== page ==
The politics of the UK's relationship with the European Union is front and centre in the press once again. Commentators and politicians are making their positions clear on what it should look like early and often. Furthermore, resolving the actual timing of any public vote on the matter is also becoming a matter of urgency.
Tomorrow, the House will debate an amendment to the Queen's speech, which ‘respectfully regret(s) that an EU referendum bill was not included in the Gracious Speech'.
All these public declarations may well be valid, but the UK's starting point is a four-decade long relationship with our European neighbours, which has – for good or bad – led to stronger trade links, a strong European voice on global issues such as security and climate change, and a leveling of the competitive play field in areas such as employment rights.
There is no shortage of campaign groups setting out why the huge cost and regulatory burden stemming from Europe means we should get out AND, in the other corner, the benefits of influence, trade and investment mean we'd lose if we weren't in.
With our economy still struggling to get back on a stronger growth path, it is surely critical that significant long-term decisions (like that of our relationship with Europe) that have implications for certainty, confidence and ultimately much needed investment across UK businesses are a little more thoughtful.
Perhaps, therefore, an amendment which
‘respectfully regrets that the debate on an EU referendum bill lacks any clear evidence base on the advantages and disadvantages of membership, quantification of the wins from renegotiating any part of the UK's relationship with the EU and clear priorities for future reform of the EU'.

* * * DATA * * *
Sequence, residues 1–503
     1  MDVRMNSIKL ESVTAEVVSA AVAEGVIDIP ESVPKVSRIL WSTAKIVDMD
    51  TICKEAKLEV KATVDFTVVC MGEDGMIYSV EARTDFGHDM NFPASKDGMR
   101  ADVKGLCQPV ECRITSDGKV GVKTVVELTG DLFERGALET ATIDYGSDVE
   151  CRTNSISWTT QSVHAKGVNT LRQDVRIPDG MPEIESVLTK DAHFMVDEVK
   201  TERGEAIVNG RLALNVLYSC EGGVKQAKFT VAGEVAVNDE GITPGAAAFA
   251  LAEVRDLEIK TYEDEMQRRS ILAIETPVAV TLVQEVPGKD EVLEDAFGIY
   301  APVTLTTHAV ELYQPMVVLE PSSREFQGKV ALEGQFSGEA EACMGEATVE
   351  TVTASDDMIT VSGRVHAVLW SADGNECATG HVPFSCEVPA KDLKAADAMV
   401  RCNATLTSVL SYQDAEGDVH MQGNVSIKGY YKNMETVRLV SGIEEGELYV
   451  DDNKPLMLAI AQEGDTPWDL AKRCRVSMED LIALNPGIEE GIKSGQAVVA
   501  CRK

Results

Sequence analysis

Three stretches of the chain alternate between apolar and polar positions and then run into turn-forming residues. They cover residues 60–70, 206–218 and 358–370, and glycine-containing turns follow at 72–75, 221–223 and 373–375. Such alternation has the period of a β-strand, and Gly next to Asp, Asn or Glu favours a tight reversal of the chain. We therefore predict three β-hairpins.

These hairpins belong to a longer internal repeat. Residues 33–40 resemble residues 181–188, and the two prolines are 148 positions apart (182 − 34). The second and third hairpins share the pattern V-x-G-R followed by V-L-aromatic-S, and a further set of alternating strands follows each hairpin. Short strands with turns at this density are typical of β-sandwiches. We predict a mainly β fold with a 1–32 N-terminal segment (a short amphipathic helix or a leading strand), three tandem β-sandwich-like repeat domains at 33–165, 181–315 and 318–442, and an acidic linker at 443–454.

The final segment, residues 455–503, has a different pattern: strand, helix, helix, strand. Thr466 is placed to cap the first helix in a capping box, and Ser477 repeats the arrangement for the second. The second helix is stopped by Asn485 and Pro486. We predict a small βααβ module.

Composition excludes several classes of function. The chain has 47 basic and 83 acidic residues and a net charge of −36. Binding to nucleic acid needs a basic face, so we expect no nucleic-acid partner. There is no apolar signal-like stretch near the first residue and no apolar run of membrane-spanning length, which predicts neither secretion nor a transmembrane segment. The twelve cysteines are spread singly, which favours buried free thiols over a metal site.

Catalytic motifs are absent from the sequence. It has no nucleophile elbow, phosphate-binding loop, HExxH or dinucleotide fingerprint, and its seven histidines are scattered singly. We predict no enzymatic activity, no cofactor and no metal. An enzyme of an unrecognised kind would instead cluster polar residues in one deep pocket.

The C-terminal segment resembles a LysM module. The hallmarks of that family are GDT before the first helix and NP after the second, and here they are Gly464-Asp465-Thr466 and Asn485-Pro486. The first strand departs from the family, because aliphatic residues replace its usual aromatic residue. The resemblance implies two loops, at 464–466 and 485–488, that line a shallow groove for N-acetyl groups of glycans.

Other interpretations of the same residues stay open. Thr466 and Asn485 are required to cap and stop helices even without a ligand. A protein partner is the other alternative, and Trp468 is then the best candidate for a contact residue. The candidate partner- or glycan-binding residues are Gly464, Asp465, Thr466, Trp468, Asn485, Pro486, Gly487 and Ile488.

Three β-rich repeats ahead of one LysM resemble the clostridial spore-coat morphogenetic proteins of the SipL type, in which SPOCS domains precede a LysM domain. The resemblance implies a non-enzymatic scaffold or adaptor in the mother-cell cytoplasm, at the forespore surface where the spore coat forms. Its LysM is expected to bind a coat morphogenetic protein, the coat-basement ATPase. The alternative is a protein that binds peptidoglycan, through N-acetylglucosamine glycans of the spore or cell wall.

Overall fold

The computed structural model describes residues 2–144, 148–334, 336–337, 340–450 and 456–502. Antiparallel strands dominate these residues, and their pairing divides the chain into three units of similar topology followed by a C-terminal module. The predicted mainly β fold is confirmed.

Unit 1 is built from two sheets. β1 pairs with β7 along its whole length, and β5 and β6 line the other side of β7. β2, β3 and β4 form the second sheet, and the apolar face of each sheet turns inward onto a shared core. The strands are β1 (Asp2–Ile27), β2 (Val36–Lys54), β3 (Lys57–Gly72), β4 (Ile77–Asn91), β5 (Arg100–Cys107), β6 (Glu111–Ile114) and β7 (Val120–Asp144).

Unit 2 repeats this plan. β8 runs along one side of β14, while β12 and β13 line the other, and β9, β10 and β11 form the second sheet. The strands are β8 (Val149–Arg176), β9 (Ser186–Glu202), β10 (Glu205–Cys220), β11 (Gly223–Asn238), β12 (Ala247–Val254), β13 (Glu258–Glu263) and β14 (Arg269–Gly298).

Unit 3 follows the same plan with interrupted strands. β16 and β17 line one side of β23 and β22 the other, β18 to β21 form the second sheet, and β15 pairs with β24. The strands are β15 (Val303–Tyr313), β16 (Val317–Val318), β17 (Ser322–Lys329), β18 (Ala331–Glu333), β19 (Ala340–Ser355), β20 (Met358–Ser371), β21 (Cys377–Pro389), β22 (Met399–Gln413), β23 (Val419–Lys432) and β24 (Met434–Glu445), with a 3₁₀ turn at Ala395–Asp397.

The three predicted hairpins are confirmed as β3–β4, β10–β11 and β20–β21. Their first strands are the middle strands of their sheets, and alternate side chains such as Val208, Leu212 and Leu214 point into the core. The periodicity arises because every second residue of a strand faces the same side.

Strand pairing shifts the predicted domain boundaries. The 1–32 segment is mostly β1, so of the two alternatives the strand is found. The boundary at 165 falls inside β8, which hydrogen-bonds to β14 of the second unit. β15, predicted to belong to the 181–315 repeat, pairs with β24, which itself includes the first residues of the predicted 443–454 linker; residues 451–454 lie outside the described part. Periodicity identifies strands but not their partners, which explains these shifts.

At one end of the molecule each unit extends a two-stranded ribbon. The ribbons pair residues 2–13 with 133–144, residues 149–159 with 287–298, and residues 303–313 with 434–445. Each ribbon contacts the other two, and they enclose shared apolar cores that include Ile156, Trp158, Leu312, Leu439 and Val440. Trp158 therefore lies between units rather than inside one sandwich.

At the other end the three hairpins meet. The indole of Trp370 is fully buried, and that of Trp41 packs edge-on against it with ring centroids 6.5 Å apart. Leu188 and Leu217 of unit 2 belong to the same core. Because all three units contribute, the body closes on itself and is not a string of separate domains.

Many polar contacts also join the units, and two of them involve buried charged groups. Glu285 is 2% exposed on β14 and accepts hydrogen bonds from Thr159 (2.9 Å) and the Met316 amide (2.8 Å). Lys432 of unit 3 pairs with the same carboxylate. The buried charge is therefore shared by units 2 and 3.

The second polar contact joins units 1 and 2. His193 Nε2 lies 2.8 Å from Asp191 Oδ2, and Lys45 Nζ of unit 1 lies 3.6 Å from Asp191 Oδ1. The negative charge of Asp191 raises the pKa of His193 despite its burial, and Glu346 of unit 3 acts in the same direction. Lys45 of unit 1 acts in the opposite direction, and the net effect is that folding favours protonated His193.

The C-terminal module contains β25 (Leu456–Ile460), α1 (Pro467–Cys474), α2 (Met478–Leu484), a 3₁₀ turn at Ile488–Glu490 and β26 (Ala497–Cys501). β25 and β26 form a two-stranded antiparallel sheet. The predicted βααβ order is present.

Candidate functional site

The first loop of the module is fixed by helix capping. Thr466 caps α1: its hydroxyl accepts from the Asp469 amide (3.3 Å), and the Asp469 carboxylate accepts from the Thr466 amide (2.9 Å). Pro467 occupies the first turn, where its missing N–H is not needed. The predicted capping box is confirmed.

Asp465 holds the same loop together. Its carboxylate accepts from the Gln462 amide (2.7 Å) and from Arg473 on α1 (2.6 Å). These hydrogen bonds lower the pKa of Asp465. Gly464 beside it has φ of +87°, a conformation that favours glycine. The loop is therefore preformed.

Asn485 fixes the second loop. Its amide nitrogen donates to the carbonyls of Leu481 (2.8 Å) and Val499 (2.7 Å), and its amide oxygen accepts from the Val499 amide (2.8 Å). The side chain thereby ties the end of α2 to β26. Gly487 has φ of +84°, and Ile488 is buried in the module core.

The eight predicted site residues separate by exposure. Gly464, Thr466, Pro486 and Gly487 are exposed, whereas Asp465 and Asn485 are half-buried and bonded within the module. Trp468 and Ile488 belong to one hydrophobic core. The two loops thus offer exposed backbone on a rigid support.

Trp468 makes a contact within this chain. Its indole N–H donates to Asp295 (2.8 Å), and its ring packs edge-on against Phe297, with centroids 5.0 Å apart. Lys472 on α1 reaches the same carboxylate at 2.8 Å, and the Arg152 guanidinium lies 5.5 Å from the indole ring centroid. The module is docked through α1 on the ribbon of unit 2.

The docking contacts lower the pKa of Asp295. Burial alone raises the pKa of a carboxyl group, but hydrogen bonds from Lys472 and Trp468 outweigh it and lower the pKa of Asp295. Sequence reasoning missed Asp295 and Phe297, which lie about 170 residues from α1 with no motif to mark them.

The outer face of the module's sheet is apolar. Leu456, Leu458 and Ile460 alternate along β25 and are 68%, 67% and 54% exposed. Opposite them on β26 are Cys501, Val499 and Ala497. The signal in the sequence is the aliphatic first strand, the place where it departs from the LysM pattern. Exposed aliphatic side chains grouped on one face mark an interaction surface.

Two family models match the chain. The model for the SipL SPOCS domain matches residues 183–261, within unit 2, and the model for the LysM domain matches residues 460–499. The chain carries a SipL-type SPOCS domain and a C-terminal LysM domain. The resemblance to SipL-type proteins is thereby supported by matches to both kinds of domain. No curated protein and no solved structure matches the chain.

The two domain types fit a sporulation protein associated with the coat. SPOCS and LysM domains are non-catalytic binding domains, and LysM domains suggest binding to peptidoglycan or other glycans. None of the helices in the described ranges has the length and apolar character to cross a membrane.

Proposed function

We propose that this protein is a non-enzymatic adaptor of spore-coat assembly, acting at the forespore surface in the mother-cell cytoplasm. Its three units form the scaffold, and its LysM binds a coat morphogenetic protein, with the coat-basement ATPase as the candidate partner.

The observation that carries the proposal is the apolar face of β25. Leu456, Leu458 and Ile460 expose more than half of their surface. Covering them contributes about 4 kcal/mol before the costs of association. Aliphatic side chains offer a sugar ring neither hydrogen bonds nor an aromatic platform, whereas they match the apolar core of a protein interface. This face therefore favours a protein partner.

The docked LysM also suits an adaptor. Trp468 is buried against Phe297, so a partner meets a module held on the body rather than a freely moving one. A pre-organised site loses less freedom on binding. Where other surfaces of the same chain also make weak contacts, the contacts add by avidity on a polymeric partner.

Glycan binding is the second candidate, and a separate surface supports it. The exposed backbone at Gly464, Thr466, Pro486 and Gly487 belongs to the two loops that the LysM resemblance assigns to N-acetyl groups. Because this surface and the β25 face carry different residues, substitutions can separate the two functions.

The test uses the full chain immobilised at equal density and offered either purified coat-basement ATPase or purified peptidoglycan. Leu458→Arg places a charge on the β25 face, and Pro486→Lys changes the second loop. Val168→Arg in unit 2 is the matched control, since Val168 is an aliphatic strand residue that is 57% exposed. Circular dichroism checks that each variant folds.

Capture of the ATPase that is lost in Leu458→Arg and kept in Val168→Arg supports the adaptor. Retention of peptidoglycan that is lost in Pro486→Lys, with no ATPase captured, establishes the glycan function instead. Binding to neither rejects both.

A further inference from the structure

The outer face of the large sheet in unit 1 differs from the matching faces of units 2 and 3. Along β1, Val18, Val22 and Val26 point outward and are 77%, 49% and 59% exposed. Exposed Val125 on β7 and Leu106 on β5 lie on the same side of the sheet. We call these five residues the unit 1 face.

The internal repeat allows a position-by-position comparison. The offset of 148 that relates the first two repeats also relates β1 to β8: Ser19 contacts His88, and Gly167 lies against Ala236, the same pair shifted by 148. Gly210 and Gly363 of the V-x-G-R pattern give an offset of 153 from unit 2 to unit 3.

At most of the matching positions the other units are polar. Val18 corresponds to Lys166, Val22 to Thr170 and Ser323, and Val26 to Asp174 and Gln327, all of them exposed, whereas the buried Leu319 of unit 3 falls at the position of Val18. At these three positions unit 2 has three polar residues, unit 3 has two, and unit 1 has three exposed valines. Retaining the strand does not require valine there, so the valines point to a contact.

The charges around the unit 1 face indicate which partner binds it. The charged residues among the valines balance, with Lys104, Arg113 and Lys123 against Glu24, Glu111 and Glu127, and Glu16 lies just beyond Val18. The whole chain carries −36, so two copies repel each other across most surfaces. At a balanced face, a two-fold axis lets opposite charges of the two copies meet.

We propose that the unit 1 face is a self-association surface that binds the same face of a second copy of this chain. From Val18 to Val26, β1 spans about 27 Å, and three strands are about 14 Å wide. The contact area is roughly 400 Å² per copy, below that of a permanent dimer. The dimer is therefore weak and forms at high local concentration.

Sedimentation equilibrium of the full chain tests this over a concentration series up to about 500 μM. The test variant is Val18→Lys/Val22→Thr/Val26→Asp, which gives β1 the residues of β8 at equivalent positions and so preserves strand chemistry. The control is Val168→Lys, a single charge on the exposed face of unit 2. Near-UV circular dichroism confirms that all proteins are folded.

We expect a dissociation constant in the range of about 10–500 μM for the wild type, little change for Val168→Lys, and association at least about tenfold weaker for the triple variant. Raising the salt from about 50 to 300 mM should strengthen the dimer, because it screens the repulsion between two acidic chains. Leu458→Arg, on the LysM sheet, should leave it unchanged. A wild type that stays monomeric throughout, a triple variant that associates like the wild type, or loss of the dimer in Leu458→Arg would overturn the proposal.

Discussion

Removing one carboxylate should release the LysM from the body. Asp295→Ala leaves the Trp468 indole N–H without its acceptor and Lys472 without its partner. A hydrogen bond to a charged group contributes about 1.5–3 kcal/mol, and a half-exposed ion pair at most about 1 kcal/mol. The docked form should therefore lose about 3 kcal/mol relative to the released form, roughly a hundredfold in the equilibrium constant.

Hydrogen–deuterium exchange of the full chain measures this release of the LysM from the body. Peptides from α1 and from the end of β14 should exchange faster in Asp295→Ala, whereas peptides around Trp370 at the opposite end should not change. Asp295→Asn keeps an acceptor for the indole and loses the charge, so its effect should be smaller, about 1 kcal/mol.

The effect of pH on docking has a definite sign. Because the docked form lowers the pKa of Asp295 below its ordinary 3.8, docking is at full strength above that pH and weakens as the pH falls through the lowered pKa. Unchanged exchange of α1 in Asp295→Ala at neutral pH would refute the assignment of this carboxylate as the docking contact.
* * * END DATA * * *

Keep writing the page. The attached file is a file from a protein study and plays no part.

While the headlines would not be as eye catching, it would at least demonstrate that there is a clear understanding of the issues that both the public and business need to hear about. In order to decide what is in the UK's long-term economic interests we must start by presenting some level headed answers to the following questions (although I'm sure there are plenty more)
- how have the recent pressures from the eurozone crisis changed the economic and political dynamics of the region and what does this mean for the UK?
- with the rest of the world forging closer links as economic blocs on trade, investment and technology, where does the UK fit into this picture?
- what is the real size of the prize from opting out of EU-generated regulation , how much would need to be replaced by domestic regulation and how much impact would this have on how business operates?
- in key areas of policy and regulation could the UK do more to be influential leaders or are we happy to be followers?
If we get some answers to these questions in tomorrow's debate I'll be back on Thursday with an update. If not Thursday, it will need to be soon.
If you have any thoughts on where our relationship with the EU goes from here and, specifically, what it means for business let us know as part of our EU Challenge